Cost estimating is one of three activities performed in project cost management and one of the most important steps in project management. A cost estimate establishes the base line of the project cost at different stages of development of the project. A cost estimate at a given stage of project development represents a prediction provided by the cost engineer or estimator on the basis of available data. It includes the identification and consideration of costing alternatives to initiate and complete the project.
Cost is estimated for all resources that will be charged to the project. This includes, but is not limited to, labor, material, equipment, service, and facilities, as well as special categories such as inflation allowance or contingency costs. A cost estimate is a quantitative assessment of the likely costs for resources required to complete the activity.
Figure 2. Estimate Costs: Inputs, Tools & Techniques, and Outputs
Source: Project Management Institute (2008, p169), A Guide to the Project Management Body of Knowledge
There are six inputs that are used to estimate costs:
- Scope baseline.
The cost baseline is the basis for the earned value reporting system. It is the budget for the estimated cost of the project spread over the time periods of the project. As we noted in project, in managing a project we are concerned about three baselines: the schedule baseline, the cost baseline, and the scope baseline. These three baselines comprise the goals of any project and deliver to the stakeholders what was asked for, in the time predicted, and for the money that was estimated.
- Project schedule
Projects consume large amounts of cost and knowing when such costs are needed, are important particularly when considering cash-flow. The type and quantity of resources and the amount of time which those resources are applied to complete the work of the project are major factors in determining the project cost.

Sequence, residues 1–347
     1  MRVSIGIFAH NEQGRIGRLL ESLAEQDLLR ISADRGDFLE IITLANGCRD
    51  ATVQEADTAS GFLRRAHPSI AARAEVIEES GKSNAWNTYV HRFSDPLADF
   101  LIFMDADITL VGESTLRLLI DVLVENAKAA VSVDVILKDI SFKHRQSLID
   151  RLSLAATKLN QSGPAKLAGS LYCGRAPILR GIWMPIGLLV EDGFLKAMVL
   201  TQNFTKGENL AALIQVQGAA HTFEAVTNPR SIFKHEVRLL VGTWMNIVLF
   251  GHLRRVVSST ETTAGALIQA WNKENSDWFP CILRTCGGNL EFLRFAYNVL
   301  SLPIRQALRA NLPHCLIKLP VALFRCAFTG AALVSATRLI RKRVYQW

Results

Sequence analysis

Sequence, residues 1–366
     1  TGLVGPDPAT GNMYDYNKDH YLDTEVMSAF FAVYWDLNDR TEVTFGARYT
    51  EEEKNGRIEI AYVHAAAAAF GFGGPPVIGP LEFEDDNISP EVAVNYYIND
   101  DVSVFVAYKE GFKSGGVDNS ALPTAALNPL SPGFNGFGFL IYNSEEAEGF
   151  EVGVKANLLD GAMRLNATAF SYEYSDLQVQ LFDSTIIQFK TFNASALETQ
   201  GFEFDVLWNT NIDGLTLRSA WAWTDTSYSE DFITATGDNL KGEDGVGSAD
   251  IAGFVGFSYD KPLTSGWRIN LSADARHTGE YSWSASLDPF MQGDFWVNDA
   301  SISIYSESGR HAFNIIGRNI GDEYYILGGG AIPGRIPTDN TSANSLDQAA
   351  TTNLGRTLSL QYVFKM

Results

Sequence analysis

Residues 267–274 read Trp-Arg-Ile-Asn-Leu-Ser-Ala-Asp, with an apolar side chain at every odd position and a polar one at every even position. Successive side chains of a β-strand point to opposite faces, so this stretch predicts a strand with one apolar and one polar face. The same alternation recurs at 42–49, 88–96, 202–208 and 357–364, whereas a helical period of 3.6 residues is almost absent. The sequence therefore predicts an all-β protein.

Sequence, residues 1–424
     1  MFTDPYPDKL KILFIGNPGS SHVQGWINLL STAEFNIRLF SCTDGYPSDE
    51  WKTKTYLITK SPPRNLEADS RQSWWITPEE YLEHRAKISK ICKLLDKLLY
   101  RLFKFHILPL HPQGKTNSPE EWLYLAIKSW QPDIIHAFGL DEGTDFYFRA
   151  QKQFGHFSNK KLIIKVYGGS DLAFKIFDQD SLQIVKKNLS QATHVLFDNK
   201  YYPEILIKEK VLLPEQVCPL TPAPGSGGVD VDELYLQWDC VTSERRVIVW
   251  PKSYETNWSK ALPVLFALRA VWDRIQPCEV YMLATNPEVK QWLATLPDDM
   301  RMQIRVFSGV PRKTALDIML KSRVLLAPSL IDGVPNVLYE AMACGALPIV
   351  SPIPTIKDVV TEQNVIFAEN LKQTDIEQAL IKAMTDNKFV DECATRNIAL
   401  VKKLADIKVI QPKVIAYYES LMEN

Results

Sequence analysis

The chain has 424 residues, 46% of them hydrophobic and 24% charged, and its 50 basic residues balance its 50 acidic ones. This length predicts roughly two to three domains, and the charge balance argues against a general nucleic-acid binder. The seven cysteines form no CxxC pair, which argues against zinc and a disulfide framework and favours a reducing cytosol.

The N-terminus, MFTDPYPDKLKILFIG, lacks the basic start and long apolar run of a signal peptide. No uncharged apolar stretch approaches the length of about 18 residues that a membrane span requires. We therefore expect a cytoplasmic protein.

- Human resource plan.
This document shows what types of resources the project will need and includes how all they will be procured. Both of these aspects will have a direct affect on cost estimates generated in the estimate costs process.
- Risk register.
All risks contain impact. Here, the risk register will help identify the risks that will have an impact on estimate costs, and these will need to be factored in when estimating project costs. The register will also contain opportunities, and any that may reduce costs are important to consider here.
- Enterprise environmental factors
The environment within which the project is to be run will have a large effect on the estimate costs and hence the budget that will be required. The marketplace, policies, procedures and processes, laws and regulations are just some examples of factors that will have a direct affect on costs.
- Organizational process assets
Usually cost information can be gleaned from previous similar projects, lessons learned, or any guidelines that must be followed. In addition there may be software tools or databases that contain important cost data.
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